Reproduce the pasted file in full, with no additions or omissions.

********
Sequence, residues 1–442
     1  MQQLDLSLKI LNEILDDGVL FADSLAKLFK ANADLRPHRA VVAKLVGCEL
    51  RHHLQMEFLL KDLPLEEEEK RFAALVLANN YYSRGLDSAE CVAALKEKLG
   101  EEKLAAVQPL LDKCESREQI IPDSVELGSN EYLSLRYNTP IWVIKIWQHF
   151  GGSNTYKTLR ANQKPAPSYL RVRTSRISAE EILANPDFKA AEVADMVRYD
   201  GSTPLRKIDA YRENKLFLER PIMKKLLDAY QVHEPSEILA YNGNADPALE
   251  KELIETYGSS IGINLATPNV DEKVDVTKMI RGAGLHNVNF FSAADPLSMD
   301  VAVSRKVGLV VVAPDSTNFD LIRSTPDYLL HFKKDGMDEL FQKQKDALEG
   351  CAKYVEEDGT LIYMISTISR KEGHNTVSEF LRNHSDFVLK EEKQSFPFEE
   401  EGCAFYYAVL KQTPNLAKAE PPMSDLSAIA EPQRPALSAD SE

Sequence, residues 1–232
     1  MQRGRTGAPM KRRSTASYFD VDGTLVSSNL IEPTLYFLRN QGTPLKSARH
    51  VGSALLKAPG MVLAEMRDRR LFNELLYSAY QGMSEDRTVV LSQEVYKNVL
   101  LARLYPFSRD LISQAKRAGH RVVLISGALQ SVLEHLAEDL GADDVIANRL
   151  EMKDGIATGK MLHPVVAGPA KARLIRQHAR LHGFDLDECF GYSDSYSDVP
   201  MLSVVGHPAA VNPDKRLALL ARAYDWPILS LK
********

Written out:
Sequence, residues 1–442
     1  MQQLDLSLKI LNEILDDGVL FADSLAKLFK ANADLRPHRA VVAKLVGCEL
    51  RHHLQMEFLL KDLPLEEEEK RFAALVLANN YYSRGLDSAE CVAALKEKLG
   101  EEKLAAVQPL LDKCESREQI IPDSVELGSN EYLSLRYNTP IWVIKIWQHF
   151  GGSNTYKTLR ANQKPAPSYL RVRTSRISAE EILANPDFKA AEVADMVRYD
   201  GSTPLRKIDA YRENKLFLER PIMKKLLDAY QVHEPSEILA YNGNADPALE
   251  KELIETYGSS IGINLATPNV DEKVDVTKMI RGAGLHNVNF FSAADPLSMD
   301  VAVSRKVGLV VVAPDSTNFD LIRSTPDYLL HFKKDGMDEL FQKQKDALEG
   351  CAKYVEEDGT LIYMISTISR KEGHNTVSEF LRNHSDFVLK EEKQSFPFEE
   401  EGCAFYYAVL KQTPNLAKAE PPMSDLSAIA EPQRPALSAD SE

Sequence, residues 1–232
     1  MQRGRTGAPM KRRSTASYFD VDGTLVSSNL IEPTLYFLRN QGTPLKSARH
    51  VGSALLKAPG MVLAEMRDRR LFNELLYSAY QGMSEDRTVV LSQEVYKNVL
   101  LARLYPFSRD LISQAKRAGH RVVLISGALQ SVLEHLAEDL GADDVIANRL
   151  EMKDGIATGK MLHPVVAGPA KARLIRQHAR LHGFDLDECF GYSDSYSDVP
   201  MLSVVGHPAA VNPDKRLALL ARAYDWPILS LK